- An amino acid found in Camellia sinensis, commonly known as Green Tea.
- It's uncommon in the typical Western diet.
- L-theanine is primarily harvested from tea plants, but can also be produced through fermentation techniques.
Also Known As
Structure and Synthesis
- L-Theanine is an amino acid analog of the amino acid L-glutamic acid and also shares structural similarity to gamma-aminobutyric acid (GABA).
- It is metabolized in the kidney via glutaminase
Metabolism and Excretion
- L-theanine is processed into ethylamine and glutamic acid, and excess of L-theanine and these metabolic by-products are excreted in urine.
- Plasma concentrations of the metabolites (ethylamine and glutamic acid) are not greatly increased in plasma after L-theanine ingestion.1
- Plasma concentrations of L-theanine reach a peak 3 hours after consumption and return to baseline after 24 hours.
Neural Mechanism of Action
- Orally ingested theanine crosses the blood-brain barrier, so it is active in the brain. The increased brain concentrations of the compound are mediated via neutral-charge amino acid transport.
- L-theanine inhibits binding of glutamate to its cortical neuronal receptors: AMPA, kainate, and NMDA.2These excitatory receptors increase neuronal activity.
- Since glutamate is known to increase during stress, the inhibition of glutamate receptor activity is thought to contribute to the anti-stress effects of L-theanine.3,4
Cognitive Effects (Healthy Human Cognition)
- The general picture that emerges from L-theanine research is an anti-stress effect, with the strongest hypothesis being that anti-glutamate receptor activity is the primary driver of this effect. In particular, Kimura et al. 2002 demonstrated that stress (measured subjectively by the state-trait anxiety index and objectively by heart rate variability) is significantly reduced as a result of L-theanine administration during a stressful task (Figures 1 and 2).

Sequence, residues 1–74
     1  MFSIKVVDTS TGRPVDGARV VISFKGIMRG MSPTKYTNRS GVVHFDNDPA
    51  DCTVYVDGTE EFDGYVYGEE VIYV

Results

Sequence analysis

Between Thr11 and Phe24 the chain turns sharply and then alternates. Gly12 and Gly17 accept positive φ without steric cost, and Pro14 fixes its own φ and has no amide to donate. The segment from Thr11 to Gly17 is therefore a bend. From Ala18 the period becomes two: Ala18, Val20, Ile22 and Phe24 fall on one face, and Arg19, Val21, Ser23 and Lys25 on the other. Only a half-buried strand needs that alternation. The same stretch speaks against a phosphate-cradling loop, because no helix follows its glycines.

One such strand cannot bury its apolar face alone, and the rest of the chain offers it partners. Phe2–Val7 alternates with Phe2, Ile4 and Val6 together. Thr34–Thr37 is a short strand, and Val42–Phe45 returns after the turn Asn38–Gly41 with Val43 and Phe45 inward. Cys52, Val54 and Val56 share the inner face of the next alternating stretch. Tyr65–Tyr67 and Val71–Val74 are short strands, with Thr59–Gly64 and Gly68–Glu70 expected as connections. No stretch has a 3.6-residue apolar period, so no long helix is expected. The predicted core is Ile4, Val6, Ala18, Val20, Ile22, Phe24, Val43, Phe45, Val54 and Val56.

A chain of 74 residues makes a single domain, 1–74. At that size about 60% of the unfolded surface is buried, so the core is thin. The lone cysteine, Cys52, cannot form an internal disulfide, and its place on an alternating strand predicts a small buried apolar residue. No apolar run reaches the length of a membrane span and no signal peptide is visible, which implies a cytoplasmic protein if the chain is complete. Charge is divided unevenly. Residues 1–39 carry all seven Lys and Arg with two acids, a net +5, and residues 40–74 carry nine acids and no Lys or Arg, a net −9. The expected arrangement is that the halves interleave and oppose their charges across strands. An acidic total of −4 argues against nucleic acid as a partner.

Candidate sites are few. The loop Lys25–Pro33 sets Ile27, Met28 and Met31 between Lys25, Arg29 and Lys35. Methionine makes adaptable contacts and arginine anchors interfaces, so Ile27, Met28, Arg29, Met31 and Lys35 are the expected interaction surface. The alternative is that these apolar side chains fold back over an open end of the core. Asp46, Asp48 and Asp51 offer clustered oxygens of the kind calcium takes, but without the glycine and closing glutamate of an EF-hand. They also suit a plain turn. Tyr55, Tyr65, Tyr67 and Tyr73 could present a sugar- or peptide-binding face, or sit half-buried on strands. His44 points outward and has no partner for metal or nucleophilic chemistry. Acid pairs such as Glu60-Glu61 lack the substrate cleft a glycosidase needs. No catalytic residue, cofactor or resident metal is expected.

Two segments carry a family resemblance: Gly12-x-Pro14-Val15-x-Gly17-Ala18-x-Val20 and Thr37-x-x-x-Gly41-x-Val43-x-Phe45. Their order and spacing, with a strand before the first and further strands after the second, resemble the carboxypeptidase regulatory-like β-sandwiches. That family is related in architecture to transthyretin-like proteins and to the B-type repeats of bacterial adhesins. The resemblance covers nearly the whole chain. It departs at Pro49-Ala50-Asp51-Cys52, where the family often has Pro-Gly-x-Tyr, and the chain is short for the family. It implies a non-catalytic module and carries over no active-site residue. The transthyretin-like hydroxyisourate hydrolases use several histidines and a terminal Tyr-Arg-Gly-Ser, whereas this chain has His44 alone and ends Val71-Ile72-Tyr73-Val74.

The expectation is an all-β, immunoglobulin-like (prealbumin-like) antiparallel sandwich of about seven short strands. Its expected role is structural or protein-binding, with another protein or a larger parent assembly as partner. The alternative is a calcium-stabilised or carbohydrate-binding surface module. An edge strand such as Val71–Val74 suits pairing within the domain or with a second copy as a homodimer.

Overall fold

Figure 1. L-theanine reduces heart rate variability during an acutely stressful task.
Figure 1. L-theanine reduces the state-trait anxiety index during an acutely stressful task.
- There is also evidence to suggest that L-theanine administration before stress in academic settings can act to reduce stress levels as measured by questionnaires and the salivary marker alpha-amylase.5
- L-theanine supplementation has also been shown to increase brain α-waves (8-10 Hz range) which are associated with reduced stress and anxiety. Increased α-waves are also associated with selective attention mechanisms and mental alertness. These altered wave functions are evidence that theanine has 'relaxing and attention promoting' properties. There's also literature that reports increased theta wave function which is associated with learning and memory.
- High levels of stress are well known to result in cognitive and health deficits in both humans and animal models. In one study of mice, L-theanine reversed the lifespan reduction, cognitive deficits, and behavioral depression associated with chronic stress.6In another study in mice, L-theanine was shown to reverse stress-induced, depression-like phenotypes in mice.7These data point to strong effects of L-theanine on a variety of general and cognitive health correlates that are impacted by stress.
- When taken in combination with caffeine, L-theanine has a host of cognitive enhancing effects:
Caffeine and L-theanine can act synergistically to improve alertness and attention. L-theanine can also potentially reverse some of the less favorable physiological effects of caffeine - including increased blood pressure, and reduced flow of oxygenated blood to the head. (Learn more)